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An Improved Image

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Pick a wall, any wall. Office or home, doesn’t matter. Now, how would you like to convert this wall into a massive display, ready to watch movies, presentations or pictures? That's the promise that portable projectors make, more so with the mature second generation of these devices hitting the market. No longer do you have to deal with gimmicky gadgets that compromise on performance, and projectors like the 3M MP 410 offer a slew of features that are sure to impress any multimedia enthusiast.
 
Portability and ease of carrying the device around has been given a lot of thought with the MP 410, with a soft case provided in the retail package to securely hold the projector (and all of its associated adapters and cables) in place. But just look at the sheer number of connectivity options this baby packs in into its diminutive 1.7 by 4.2 by 4.2 inches frame. The 410 checks off the standard options, such as VGA and USB connectivity for laptops, along with HDMI input for iPads and phones as well as your PS3 or DVD players. Also, in what is fast becoming a standard, the 410 allows you to directly reads image, video and audio files from the internal 1GB memory, from flash drives that can connect directly to the built-in USB port and from microSD cards. Strangely enough, no presentation format support. Also, keep in mind you will need to add external speakers – the inbuilt speakers work well for small environments but start to sound weak for any medium sized crowd.
 
What was most interesting for me was that if you picked up the optional wireless dongle, the MP 410 sets up a wireless network so you can transmit your laptop video without the need of any cables whatsoever. There is a downside to this though. Since the projector essentially creates its own wireless network, you cannot be simultaneously connected to another wireless network and access the Internet, for instance. Really should be something 3M should fix with a software update fast!
 
Now, with a 300-lumen rating, the MP 410 isn’t as bright as bigger lamp-based projectors (typically in the range of 2,000-2500 lumens) but the brightness is more than enough to be useful, even with moderate ambient light. In fact, I had no trouble projecting a 75-inch image at 1280 x 800 pixels, and 3M says the images can go up to as much as 100-inches. Color reproduction was above average, but there is a degree of compromise when compared to bigger siblings. That said, colors were fully saturated and vibrant, and there is no doubt it will work very well for presentations and showing video clips during presentations.
 
Looking at the price, I’d recommend this only for those who need portability over performance. The redeeming factor is the bulb life of 20,000 hours, which means you will be saving money on frequent bulb replacements.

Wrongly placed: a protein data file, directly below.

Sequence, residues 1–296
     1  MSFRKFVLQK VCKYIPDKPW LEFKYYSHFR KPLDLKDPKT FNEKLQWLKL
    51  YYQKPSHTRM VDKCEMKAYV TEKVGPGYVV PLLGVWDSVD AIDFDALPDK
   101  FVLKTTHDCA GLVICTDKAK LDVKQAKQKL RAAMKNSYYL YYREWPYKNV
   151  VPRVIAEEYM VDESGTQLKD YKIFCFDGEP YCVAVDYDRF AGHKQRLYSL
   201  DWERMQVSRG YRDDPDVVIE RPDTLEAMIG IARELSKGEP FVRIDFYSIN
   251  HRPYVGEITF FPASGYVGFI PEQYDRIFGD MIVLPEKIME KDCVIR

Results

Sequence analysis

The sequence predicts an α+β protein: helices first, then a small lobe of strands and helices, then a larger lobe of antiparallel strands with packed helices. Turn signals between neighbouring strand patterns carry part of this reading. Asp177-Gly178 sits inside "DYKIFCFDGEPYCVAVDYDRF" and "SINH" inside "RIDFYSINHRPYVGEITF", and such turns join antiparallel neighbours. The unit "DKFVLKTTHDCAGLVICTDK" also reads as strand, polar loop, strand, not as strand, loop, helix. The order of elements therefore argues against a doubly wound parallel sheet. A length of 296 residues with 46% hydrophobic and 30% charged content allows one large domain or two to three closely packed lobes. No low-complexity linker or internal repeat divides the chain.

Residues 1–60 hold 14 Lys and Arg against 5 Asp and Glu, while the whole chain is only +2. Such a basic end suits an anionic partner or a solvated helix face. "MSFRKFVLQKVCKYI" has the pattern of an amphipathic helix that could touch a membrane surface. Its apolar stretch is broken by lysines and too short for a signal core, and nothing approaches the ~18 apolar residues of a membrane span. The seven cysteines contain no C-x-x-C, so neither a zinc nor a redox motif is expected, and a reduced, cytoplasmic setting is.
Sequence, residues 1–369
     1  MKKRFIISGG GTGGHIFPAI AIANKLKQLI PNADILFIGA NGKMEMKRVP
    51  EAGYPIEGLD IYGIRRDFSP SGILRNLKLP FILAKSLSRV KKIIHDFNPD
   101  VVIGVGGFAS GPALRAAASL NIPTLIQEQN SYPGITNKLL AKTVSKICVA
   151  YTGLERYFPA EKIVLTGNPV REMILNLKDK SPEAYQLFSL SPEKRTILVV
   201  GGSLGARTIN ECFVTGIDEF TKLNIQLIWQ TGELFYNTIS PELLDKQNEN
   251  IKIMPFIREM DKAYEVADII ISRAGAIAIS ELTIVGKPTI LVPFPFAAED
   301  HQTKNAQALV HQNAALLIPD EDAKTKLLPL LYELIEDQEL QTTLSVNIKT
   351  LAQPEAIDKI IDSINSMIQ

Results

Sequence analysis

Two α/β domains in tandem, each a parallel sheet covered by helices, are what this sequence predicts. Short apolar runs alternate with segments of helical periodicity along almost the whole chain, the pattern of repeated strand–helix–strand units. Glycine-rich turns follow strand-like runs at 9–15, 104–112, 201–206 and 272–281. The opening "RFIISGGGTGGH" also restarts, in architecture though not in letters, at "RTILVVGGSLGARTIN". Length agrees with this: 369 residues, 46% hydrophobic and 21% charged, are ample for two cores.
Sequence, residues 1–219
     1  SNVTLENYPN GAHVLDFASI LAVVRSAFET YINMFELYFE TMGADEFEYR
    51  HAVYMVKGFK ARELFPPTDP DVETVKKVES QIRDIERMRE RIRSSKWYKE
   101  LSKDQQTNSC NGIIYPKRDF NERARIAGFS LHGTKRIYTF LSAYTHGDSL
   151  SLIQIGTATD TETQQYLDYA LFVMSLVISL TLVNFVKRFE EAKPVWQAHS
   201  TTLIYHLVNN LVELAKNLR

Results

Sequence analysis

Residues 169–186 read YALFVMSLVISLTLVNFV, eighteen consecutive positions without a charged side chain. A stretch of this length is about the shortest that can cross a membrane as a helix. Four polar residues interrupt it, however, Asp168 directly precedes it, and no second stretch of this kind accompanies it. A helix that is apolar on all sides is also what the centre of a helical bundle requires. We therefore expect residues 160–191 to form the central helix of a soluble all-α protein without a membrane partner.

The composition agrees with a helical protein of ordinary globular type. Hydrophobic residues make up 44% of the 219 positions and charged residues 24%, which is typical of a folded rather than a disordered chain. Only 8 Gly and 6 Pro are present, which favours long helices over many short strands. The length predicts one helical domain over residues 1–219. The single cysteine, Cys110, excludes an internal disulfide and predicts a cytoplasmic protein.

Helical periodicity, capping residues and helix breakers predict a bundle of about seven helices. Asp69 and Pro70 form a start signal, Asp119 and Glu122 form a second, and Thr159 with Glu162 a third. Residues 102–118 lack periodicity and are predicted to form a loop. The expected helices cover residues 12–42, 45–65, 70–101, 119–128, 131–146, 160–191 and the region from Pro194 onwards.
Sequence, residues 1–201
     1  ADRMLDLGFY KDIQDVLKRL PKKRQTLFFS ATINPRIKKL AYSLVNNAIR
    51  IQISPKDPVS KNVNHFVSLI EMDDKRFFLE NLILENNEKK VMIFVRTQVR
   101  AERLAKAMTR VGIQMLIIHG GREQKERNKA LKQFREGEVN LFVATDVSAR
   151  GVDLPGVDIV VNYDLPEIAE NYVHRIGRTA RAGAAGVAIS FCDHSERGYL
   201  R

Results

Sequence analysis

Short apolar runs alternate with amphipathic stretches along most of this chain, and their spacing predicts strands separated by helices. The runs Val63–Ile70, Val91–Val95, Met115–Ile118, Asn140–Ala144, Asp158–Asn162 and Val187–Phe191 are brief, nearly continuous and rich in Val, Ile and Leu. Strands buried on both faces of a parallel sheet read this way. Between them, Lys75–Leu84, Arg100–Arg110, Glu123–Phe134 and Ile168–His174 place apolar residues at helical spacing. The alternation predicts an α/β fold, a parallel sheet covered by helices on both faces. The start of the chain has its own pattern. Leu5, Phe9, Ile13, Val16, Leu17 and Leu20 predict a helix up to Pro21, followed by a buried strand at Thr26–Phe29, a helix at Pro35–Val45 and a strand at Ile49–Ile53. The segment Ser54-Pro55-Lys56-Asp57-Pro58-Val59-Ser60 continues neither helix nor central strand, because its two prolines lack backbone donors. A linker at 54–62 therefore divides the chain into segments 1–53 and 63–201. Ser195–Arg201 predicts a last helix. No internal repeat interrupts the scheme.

Rating: 8/10
Price: Rs 50,000
URL: http://bit.ly/OgN92E
 
Acing Performance
It seems all you can hear about these days are ultrabooks, and while how well they’re doing is debatable, there’s still space for slightly thicker laptops that pack in a DVD drive and revved-up internals to boot. The Acer Aspire V3-571G may look like just about any 15.6-inch laptop, but it packs in serious power by way of a capable Core i5 Intel processor (not the latest Ivy Bridge line of processors, mind you) and dedicated nVidia graphics.
 
There’s a lot to like once you start using this laptop – a wide, expansive keyboard with chiclet-style keys and a full number pad, a healthy selection of ports and the dedicated graphics really helps in graphics-intensive games. Add to that the Dolby Home Theater effects, and the V3 looks to be a good option for entertainment enthusiasts. Sadly, a less-than-responsive trackpad and a mediocre 1,366 x 768 pixel display mar the overall experience of this laptop.
 
Rating: 7/10
Price: Rs 43,671
URL: http://bit.ly/OBUivK
 
The Key Attraction
To anyone who’s still holding his or her breath for an iPhone sporting a hardware keyboard, one quick piece of advice: don’t bother. Just pick up the Envent Bluetooth Slider Keyboard case for the iPhone 4/4S. The case conceals a flip-out physical keyboard that connects to your iPhone via Bluetooth, and features a built-in rechargeable battery that recharges using a USB cable and lasts for a good 30-40 days at a stretch. Its sleek design means it doesn’t add too much bulk to the iPhone, but I wish the keys had slightly more travel in them to make the typing experience just a wee bit more pleasurable.
 
Rating: 7/10
Price: Rs 3,999
URL: http://bit.ly/NtCEJm

 

Control Freak
Imagine being able to control household devices from anywhere, right from your smartphone. You could invest in a home automation system that can cost a pretty packet, or you could consider the Belkin’s new WeMo Switch. The Switch module plugs into your mains and can further control (turn on and off) anything from a lamp to TV to a heater from – wait for it – a connected iPhone, iPad or iPod touch! All you need to do is connect it to a Wi-Fi network and follow a simple setup procedure. Or you could choose to set up detailed schedules for each device, all from the comfort of your WiFi-equipped iOS device. There’s an optional Motion device that can detect motion within 10 feet of the sensor and fire off a set of commands – like for example, switch on your lights and your coffee maker when you walk in your main door in the evening!
 
URL: http://bit.ly/PUCke6
Price: $49.99 onwards

 

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